Expansion and retraction of hippocampal mossy fibers during postweaning development: Strain-specific effects of NMDA receptor blockade

Matthew R. Holahan*, Kyle S. Honegger, Aryeh Routtenberg

*Corresponding author for this work

Research output: Contribution to journalArticlepeer-review

28 Scopus citations

Abstract

We have recently discovered differences in the distribution of the mossy fiber terminal field (MFTF) between adult Long-Evans rats (LER) and Wistar rats(WR): the suprapyramidal MFTF extends into distal stratum oriens (dSO) in LER, but is nearly absent in WR (Holahan et al., 2006, Hippocampus 16:560-570). To our knowledge, there is no developmental evidence that sheds light on how this strain-dependent MFTF innervation in the adult is achieved. Accordingly, the present study examined the time course of MFTF development from postnatal days 0 to 40 and the effect of NMDA-receptor antagonist 3-(2-carboxypiperazin-4-yl) propyl-1-phosphonic acid (CPP) on this developmental organization. In both LER and WR, a MFTF projection to dSO was observed between P18 and P21. By P24, the dSO projection in WR was no longer detectable whereas in LER, the dSO projection seen on P21 remained. We suggest that in WR a retraction of the MFTF projection from dSO to stratum lucidum between P21 and P24 leads to its adult pattern. In WR, CPP administration enhanced the dSO projection, possibly by blocking the retraction process. In LER, CPP administration reduced the dSO projection. Thus, in each strain, NMDA receptor blockade effectively reversed the developmental course of MFTF pattern of innervation. The present results lend strong support to the view that NMDA receptor regulation of input-dependent processes during development is of critical importance in promoting the motility and target selection of presynaptic MF axons. This regulation extends later into development than had previously been thought.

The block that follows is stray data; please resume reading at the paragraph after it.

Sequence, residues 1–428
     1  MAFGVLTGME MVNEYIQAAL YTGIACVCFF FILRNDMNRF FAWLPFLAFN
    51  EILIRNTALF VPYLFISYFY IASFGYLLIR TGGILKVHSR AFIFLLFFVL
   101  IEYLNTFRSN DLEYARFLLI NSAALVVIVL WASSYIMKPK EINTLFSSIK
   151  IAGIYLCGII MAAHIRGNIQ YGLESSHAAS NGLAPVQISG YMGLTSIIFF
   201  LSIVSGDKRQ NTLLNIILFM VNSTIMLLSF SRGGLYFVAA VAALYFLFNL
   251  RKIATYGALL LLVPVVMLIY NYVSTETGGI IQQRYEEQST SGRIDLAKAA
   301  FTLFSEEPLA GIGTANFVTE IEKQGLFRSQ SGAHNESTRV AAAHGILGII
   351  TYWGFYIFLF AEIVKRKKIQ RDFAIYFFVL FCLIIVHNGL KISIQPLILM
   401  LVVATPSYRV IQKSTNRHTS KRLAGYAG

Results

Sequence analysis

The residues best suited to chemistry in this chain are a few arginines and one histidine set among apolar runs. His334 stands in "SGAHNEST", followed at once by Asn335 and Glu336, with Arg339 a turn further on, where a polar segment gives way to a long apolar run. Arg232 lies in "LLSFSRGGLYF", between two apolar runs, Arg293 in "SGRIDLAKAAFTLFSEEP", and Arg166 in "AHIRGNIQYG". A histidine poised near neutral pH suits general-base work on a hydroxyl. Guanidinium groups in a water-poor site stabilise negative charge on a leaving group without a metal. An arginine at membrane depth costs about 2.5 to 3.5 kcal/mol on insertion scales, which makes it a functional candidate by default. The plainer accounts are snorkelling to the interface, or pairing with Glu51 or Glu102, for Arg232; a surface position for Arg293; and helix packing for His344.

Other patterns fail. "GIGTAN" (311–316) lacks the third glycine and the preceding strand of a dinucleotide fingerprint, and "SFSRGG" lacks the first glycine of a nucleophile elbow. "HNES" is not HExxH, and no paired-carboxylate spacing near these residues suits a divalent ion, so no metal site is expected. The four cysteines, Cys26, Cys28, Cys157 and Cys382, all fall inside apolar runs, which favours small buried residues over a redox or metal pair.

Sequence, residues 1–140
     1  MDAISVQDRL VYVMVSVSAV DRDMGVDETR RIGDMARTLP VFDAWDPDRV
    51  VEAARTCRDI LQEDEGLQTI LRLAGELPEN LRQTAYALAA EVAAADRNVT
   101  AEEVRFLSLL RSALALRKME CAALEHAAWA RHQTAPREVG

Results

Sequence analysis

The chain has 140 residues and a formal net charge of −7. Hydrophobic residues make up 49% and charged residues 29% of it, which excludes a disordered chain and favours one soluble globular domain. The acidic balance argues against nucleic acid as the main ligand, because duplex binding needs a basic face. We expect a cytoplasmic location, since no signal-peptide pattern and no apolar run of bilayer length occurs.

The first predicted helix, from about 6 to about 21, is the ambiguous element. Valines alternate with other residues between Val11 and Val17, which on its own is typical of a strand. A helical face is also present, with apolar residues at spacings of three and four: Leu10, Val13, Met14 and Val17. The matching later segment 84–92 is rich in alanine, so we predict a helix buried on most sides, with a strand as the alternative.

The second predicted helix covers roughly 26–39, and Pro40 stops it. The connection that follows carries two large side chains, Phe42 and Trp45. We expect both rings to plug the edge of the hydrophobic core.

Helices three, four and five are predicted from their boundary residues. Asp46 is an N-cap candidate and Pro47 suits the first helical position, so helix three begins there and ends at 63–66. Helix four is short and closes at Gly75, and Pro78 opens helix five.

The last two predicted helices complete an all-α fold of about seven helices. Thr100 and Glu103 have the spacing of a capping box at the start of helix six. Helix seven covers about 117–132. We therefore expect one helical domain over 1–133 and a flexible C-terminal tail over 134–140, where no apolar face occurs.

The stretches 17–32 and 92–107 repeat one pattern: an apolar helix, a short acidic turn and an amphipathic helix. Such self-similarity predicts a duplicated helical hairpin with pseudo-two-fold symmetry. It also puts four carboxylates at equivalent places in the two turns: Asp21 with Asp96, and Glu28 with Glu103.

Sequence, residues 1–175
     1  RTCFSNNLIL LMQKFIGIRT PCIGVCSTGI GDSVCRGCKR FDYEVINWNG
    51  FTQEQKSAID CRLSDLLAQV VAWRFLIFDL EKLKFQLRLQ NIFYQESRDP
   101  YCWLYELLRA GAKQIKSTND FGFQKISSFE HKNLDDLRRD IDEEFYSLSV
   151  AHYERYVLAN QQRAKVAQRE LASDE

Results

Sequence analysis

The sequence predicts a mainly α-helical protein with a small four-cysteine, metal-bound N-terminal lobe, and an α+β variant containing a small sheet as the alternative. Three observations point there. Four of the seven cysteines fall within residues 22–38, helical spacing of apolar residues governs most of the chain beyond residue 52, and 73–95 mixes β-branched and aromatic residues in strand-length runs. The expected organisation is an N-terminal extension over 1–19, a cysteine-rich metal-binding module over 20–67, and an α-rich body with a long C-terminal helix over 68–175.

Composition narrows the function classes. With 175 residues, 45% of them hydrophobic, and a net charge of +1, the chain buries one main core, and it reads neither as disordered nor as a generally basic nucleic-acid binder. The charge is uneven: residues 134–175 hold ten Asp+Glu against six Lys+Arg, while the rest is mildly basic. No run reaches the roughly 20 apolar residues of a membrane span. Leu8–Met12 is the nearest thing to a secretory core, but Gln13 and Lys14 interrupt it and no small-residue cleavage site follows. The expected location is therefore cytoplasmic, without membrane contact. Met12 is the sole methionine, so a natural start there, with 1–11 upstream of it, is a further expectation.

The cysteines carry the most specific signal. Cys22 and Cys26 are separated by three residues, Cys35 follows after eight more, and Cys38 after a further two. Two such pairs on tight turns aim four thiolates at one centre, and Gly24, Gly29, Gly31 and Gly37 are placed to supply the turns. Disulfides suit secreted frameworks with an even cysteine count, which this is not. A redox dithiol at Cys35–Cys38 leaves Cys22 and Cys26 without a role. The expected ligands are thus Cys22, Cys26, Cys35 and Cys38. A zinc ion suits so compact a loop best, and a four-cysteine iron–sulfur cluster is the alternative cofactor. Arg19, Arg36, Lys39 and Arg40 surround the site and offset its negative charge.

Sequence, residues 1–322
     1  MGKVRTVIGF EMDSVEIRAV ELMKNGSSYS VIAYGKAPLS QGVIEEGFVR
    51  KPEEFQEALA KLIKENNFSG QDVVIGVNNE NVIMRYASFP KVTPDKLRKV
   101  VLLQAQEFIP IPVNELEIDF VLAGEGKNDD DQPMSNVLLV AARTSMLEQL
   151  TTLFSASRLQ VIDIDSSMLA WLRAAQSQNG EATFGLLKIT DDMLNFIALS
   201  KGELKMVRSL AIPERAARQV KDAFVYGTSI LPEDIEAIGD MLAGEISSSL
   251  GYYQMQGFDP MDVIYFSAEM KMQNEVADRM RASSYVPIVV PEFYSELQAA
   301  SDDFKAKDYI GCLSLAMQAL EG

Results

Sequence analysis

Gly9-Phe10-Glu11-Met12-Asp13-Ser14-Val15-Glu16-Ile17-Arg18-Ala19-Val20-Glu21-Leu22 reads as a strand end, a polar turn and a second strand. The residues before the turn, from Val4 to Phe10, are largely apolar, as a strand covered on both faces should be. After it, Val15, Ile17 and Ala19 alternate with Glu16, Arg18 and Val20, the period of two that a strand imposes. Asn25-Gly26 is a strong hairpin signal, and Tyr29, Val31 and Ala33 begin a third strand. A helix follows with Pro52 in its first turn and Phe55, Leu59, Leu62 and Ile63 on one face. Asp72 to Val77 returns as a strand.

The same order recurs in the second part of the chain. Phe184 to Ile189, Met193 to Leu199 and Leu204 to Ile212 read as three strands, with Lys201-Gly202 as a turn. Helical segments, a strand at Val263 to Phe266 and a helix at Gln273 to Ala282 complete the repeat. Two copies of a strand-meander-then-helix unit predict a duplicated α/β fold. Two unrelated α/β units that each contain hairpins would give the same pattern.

Original languageEnglish (US)
Pages (from-to)58-67
Number of pages10
JournalHippocampus
Volume17
Issue number1
DOIs
StatePublished - 2007

Keywords

  • Axons
  • Pruning
  • Synaptic dialogue
  • Synaptophysin
  • Tau1
  • Zinc

ASJC Scopus subject areas

  • Cognitive Neuroscience

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